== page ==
Joe Benning
Vermont State Senator

Caledonia/Orange District

Thoughts on Government

     In 1777 Vermont's founders were in the process of fighting off territorial claims by New York, New Hampshire and Massachusetts, and had just declared independence from Great Britain, when they sat down to write up a constitution for a new Republic.  Literally embroiled in a war to win protection of their individual rights, they did not wish to create a government that would erode those very same rights.  So they set up a plan of government designed to maximize individual freedom and minimize the red tape, bureaucracy and burdensome taxes that had been imposed on them by external colonial governments and royal decree from across the Atlantic.

 

     It was a brilliant plan.  It focused government on three basic concerns: education, public safety and infrastructure.  As the first constitution to abolish slavery, it also demonstrated the authors were not afraid of having Vermont lead the nation with progressive ideas.  At the same time it balanced individual freedom with individual responsibility in a community setting, hence the motto "Freedom & Unity."  Most importantly, the new constitution also contained clear directions for future generations who wished to preserve these newly-found blessings of liberty.  It warned legislators to act with moderation and frugality when enacting laws; it called upon the people to watch their legislators with constant vigilance and to hold them accountable should they go astray from those principles.

     Unfortunately, especially over the last generation, both legislators and the people who were supposed to be watching them lost their constitutional focus.  In a well-intentioned attempt to provide all things for all people, we have entangled ourselves with so many rules, regulations and programs that the very principles our state's founders presented to us as our birthright are in jeopardy.  We find ourselves hundreds of millions of dollars in debt at a time when our economy struggles to survive.  With an aging population and a shrinking work force, we are simply no longer able to afford the taxes necessary to sustain even those basic responsibilities our founders cherished most.   

     Take, for instance, our public education system.  Faced with declining student enrollment, ever-increasing bureaucracy and fewer dollars to work with, it is struggling in its mission to produce graduates who can compete in a global marketplace.  In the area of public safety, many of our courthouses are threatened with closure or fewer workdays in a desperate attempt to save money.  With infrastructure, witness the condition of every road and bridge in this state.  These are all signs that Vermont has been doing too much for too many for too long with too little. This cannot continue.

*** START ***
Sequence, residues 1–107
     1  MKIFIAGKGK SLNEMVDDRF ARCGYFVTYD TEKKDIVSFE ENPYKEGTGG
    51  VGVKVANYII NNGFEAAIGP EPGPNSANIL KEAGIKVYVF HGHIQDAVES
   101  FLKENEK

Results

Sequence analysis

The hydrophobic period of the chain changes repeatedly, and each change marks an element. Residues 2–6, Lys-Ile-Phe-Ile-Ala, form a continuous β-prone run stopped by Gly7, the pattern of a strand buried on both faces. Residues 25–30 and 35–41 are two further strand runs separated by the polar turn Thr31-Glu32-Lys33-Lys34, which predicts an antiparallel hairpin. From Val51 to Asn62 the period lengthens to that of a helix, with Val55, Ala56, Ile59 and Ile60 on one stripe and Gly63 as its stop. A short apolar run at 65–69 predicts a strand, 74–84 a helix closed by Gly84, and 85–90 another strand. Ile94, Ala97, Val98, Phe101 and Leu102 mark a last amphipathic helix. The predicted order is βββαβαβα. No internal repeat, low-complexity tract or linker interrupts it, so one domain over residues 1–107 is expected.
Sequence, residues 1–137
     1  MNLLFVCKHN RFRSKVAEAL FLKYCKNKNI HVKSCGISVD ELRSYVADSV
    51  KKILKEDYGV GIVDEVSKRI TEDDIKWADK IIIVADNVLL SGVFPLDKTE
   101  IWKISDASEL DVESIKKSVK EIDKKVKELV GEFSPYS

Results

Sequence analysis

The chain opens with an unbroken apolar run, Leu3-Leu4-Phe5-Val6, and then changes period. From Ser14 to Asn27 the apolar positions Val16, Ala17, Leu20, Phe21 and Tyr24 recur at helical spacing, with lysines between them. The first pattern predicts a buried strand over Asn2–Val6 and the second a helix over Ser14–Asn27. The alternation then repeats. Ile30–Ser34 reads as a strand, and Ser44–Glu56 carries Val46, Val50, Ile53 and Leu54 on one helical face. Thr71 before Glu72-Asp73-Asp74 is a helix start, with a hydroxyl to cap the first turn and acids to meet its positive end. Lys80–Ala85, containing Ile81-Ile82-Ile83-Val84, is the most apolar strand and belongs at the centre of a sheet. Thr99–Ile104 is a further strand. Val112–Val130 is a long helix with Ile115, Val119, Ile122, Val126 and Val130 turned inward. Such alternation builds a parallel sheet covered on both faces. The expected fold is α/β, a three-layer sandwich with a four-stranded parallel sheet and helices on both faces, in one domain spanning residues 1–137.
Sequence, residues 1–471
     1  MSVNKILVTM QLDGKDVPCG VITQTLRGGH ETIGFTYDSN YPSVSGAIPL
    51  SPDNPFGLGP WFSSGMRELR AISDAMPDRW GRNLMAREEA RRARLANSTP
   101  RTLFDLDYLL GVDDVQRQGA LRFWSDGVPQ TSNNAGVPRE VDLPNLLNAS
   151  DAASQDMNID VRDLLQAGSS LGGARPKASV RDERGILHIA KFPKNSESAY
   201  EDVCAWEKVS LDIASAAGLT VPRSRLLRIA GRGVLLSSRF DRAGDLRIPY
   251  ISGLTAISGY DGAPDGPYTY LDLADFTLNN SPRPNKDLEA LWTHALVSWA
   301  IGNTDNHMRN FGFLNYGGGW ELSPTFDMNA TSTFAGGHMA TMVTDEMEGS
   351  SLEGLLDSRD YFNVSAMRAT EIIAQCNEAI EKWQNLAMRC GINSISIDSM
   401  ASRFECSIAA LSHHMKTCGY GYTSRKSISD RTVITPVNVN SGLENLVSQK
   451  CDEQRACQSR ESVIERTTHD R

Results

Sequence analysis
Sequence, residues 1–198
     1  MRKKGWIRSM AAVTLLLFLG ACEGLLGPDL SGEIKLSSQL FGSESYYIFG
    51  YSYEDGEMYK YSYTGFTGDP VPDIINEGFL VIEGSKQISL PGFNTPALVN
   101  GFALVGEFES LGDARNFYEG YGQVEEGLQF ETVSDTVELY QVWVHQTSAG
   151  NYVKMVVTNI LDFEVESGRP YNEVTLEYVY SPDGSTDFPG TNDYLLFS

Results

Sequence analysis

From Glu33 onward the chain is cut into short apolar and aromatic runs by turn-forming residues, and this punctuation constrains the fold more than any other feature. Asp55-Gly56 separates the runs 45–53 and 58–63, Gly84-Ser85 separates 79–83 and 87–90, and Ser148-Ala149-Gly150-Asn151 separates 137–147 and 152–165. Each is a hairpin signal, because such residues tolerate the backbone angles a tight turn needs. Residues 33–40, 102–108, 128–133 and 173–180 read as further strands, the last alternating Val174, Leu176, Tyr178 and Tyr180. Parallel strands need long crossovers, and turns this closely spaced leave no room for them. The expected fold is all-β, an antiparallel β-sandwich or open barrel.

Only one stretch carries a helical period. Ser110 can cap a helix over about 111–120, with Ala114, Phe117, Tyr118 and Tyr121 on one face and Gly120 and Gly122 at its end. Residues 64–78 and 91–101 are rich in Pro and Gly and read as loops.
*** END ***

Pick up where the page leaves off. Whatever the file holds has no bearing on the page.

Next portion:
To change our current condition, legislators should not look to the federal government for handouts.  (Our ancestors would be appalled at the very idea!)  To begin with, the federal government is in worse shape than we are, and it is high time every state government and federal legislator recognized that fact.  If federal dollars come our way at all, they should be used strictly to improve existing infrastructure (roads, bridges, buildings, etc.) and never to support the payroll of a new employee or new program.  Too often we've been enticed with federal money to create paid positions and programs, only to have to shift those costs onto state taxpayers when the federal money has dried up.  We need to stop relying on the federal government and get back to the basic functions a state government is responsible for.

     I love this state and I love its people.  I truly believe we can get ourselves out of the predicament we've created by sending to Montpelier legislators who are committed to reversing the explosive growth in state government and who can demonstrate discipline with fiscal responsibility.  There is no reason to point fingers or lay blame on anyone, we simply need to get on with the business of redesigning government.  We do that by examining every law, every program, every board, every commission and every employee, and then asking ourselves one simple question: "Is this necessary, or is this nice?"  Those things that are necessary, we keep.  Those things that are nice, we prioritize.  If something nice helps define us as a community and we can afford it, we think about keeping it.  If not, then we must have the courage to eliminate it.

     I'd like to see state government return its focus to those three basic functions: education, public safety and infrastructure.  I'm committed to the concept that the government we enjoy is a government we can afford.  I stand for the principle of maintaining individual rights while preserving our community with individual responsibility.  If you'd like to see Vermont return to these roots, I'd appreciate your support. 

 
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